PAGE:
We all agree that 1:1s are some of the most important meetings that we have as engineering managers. It’s the time we have with our direct reports to focus on building a relationship, discuss plans for growth, and check in on the team and organizational issues. We want our engineers to feel that 1-on-1s are a productive and safe place to discuss any topic that needs to be addressed. Because Jellyfish believes in the importance of 1-on-1s to a healthy work culture, we’ve explored ways to help supercharge them by using data-driven insights to help us focus on what matters.
The Jellyfish Engineering Approach to 1 on 1s
At Jellyfish, the weekly one-on-one is practice engineering managers are invested in to make sure we stay connected to and are supporting the engineers on our teams. We believe that the agenda is primarily in the hands of the engineer. We want the meeting to be focused on what’s on their mind that week and we want to understand the near and long-term topics of concern for them.
This doesn’t mean that managers have no responsibility in preparing for the meeting. Coming to a meeting you need contextual awareness to engage meaningfully in the conversation. Context is what allows you to engage with the things people talk about and notice the things they don’t talk about. As a manager, you can take the initiative to start the conversation and create a safe space where your report can feel comfortable talking about a difficult topic. Of course, building a safe space for engineers is not an exact science, but after some discussion amongst our team members, there seem to be some common techniques we find from managers that build context well.
Building the Context for 1 on 1s
How does a manager build context? Many of our managers build this through a commitment to taking notes during each one-on-one and reviewing them periodically. It’s a simple step, but with a disciplined approach to this regular habit, your team members will see firsthand your commitment to them and their needs.
Of course, building context doesn’t stop there. Through informal conversations, participating in meetings, and hearing about things through the grapevine, managers fill in the gaps of information that might not come out of 1:1s. Of course, information from these sources can be subjective and many managers will want to augment it with information gathered from Jira or Git to round out the picture of 1.) what is being worked on, and 2.) how the work is being done on their engineering teams.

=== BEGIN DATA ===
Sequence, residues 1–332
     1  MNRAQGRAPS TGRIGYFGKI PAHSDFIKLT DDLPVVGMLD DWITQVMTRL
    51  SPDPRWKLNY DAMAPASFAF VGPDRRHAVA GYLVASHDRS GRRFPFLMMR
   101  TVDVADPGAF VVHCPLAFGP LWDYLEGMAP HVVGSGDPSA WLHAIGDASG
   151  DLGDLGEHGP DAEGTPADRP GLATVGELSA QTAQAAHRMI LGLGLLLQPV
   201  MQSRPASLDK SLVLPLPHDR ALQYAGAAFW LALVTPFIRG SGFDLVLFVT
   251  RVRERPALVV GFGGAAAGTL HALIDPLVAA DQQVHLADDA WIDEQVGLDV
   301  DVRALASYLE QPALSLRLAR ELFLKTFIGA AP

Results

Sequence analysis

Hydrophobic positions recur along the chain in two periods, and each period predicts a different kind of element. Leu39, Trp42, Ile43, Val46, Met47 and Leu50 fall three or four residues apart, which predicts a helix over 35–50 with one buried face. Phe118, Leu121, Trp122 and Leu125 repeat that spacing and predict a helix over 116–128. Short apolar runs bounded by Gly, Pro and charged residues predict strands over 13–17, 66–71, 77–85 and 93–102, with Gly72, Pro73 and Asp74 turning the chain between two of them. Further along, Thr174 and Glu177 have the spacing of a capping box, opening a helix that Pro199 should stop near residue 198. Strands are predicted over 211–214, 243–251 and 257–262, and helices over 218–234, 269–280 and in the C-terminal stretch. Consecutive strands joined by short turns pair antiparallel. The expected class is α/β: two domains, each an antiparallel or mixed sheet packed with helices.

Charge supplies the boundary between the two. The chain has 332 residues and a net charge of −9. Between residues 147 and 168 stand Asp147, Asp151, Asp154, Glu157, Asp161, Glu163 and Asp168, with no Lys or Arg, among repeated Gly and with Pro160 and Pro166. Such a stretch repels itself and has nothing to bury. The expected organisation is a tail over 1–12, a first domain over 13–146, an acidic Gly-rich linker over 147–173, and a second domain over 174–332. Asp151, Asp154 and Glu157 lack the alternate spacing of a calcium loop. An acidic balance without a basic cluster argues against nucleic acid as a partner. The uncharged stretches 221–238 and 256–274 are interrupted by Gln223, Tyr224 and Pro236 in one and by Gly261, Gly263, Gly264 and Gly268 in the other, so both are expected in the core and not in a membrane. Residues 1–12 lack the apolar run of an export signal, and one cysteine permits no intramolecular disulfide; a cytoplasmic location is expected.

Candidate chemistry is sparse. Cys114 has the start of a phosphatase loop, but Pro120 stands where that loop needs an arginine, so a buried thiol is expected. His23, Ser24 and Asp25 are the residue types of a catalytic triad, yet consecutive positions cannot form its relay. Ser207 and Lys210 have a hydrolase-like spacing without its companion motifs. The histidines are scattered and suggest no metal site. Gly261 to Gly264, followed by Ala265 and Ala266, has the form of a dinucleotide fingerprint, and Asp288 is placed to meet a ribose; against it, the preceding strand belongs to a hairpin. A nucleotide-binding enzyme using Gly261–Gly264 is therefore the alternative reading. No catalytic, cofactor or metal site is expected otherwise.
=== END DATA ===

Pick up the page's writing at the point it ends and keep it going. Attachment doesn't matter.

Building and keeping context is a significant effort and one that scales with the number of teams in your organization. If you’re a team lead or engineering manager it’s your job to be aware of the issues on your team so the things mentioned above are a part of your day-to-day. If you’re a manager of managers with several teams in your organization, you’re depending on your directs for context and using skip-levels to confirm what your managers are telling you.
Engineering Management Platforms (EMP) like Jellyfish can be a game-changer when it comes to getting you context about your teams. Jellyfish does the work of synthesizing the data exhaust from the systems used by your teams to get work done and provides critical insight into “the what” and “how” of the work being done. Reviewing Jellyfish as part of your standard one-on-one preparation helps you to know what’s going on and be prepared for where the conversation will go.
Putting it into practice
Let’s run through a few scenarios common to one-on-one conversations and see how they can be made better with the context you can get from an EMP.